What to Do When Plants Bolt
If you grow vegetables, herbs or flowers, at some point you've probably experienced what happens when your plants bolt. Bolting, defined as “when plants grow quickly, stop flowering and set seeds,” commonly applies to crops like lettuce and spinach, but may happen with your flowers too. Weather often is a factor in bolting. As temperatures rise in late spring through early summer, cool season crops naturally quit putting energy into foliage growth, "realizing" they'd better come up with some seed if they want to keep the species going.
But as a gardener, you can try several techniques to keep your vegetables and annuals producing over a longer period of time. And, when your plants do finally bolt, there are some strategies you can use to keep your garden going.
Herbs: Harvest often
With herbs, such as the popular basil, the goal is to keep them producing those tasty leaves. The best way to stop flowering and setting seed is to harvest the leaves, regularly and thoroughly. The more you harvest, the more the plant will produce.
Some herbs, like cilantro, will not keep their flavor once they bolt. In this case, if they've already bolted, let them set seed and you may be rewarded with a fresh crop next spring.
Remove developing flowers
Other herbs, such as parsley and fennel, will flower and set seed when the weather reaches high temperatures in summer. Depending on what part of the country you live in, these can behave as perennial, biennial or annual plants. As soon as they begin to flower, cut them back hard (plants may only be 3 to 4” tall). They should continue to put out more foliage, extending the amount and the length of time that they produce.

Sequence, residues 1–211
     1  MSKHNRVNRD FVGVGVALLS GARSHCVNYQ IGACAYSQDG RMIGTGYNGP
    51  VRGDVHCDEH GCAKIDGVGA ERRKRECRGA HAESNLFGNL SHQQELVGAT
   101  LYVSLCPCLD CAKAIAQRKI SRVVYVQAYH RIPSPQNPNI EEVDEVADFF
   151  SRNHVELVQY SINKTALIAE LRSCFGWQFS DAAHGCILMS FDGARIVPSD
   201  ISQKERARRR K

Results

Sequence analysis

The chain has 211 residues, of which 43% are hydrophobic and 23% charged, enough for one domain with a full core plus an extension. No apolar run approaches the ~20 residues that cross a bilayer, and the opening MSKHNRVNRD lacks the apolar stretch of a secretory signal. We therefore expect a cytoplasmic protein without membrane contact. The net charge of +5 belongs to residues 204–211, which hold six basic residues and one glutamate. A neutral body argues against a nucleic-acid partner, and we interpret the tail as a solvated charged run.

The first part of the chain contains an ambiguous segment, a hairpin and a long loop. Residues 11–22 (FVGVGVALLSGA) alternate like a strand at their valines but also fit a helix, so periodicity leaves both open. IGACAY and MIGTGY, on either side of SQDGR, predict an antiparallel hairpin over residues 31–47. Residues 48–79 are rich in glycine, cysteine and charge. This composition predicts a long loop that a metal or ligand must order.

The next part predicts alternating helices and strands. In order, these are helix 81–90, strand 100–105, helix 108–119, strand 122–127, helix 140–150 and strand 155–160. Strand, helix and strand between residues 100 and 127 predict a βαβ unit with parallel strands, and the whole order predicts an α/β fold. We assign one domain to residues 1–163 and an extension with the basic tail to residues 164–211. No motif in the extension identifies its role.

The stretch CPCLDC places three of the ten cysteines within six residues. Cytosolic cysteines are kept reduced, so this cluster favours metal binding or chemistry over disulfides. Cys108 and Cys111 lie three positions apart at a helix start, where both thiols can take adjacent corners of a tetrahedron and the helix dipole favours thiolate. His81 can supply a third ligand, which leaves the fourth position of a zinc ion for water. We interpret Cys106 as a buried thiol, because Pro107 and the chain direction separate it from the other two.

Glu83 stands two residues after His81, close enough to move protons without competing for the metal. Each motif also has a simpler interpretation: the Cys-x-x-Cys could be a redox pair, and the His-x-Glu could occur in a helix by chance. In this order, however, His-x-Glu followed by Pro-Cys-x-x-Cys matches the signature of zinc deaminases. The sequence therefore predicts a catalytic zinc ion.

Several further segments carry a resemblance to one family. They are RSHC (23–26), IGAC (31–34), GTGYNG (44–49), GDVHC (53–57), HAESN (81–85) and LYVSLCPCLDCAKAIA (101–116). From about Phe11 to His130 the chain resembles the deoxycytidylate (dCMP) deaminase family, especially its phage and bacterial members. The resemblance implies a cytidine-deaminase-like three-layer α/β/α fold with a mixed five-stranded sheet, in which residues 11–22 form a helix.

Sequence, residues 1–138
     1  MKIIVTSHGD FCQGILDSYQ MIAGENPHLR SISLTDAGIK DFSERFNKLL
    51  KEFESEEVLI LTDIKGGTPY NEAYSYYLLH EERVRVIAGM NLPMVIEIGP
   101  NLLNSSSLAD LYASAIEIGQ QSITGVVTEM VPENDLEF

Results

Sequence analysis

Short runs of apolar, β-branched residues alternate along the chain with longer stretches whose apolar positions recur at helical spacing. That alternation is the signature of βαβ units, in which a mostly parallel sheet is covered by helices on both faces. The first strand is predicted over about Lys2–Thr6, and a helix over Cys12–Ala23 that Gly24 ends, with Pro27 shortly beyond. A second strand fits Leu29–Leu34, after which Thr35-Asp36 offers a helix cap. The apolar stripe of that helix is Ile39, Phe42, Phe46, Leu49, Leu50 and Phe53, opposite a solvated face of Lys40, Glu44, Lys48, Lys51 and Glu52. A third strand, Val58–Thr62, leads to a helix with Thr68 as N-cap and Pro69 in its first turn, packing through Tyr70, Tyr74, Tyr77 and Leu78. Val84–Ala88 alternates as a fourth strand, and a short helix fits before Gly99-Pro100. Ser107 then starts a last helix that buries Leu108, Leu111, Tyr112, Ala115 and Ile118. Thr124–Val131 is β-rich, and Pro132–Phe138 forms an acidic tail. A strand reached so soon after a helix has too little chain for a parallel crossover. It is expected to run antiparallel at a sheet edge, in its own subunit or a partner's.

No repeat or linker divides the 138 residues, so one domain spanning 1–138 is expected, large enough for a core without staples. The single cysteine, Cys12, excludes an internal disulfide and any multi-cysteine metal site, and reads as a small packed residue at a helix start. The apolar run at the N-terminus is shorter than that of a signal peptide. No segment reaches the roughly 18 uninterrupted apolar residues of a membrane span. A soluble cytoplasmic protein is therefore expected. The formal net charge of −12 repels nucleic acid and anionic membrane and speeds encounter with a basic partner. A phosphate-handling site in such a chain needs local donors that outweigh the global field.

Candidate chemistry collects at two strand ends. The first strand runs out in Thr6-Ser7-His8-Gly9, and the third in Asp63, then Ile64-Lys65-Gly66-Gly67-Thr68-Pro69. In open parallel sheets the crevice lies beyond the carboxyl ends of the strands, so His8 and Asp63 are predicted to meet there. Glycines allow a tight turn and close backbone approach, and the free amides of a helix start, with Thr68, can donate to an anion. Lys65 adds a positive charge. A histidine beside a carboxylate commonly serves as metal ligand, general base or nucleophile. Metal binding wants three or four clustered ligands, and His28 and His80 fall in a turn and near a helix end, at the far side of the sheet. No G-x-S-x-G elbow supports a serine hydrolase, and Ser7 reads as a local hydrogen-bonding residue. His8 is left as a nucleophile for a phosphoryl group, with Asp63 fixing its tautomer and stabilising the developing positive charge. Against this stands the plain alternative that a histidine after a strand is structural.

Cut back plants and fertilize
Some plants, for example the annual coleus, are grown for their colorful foliage. To extend their season of interest, cut off any flowers as soon as you see them beginning to form. You can also cut back plants by 1/3 or ½ to keep them bushy and healthy.
Regular applications of liquid fertilizer every ten days to two weeks will help keep your annuals healthy and productive.
With perennials like garden phlox (Phlox paniculata), remove spent flowers as soon as you notice them, to encourage more blooms and extend the season of interest in your garden.
Vegetables: Replant a second crop
Lettuce, spinach, mustard and kale are all grown for their edible leaves. Once they stop producing and bolt in summer, pull them out. A new crop can be replanted for fall and winter. Check with your local Cooperative Extension Service to find the ideal time for fall planting in your region.With crops like broccoli, learn to recognize when the heads are ready to harvest, before they begin to flower.
Once they bolt
At the end of the growing season, it's actually a good idea to let plants set seed, as they may sprout from that seed the following spring. This is especially true if you don’t disturb the area where they are growing. Parsley, fennel, and certain annuals like impatiens and zinnias often reseed.
For help selecting and planting herbs, vegetable and flowers for your yard, find a reliable local landscape contractor.
Erica Glasener is a Networx writer.
Updated January 16, 2018.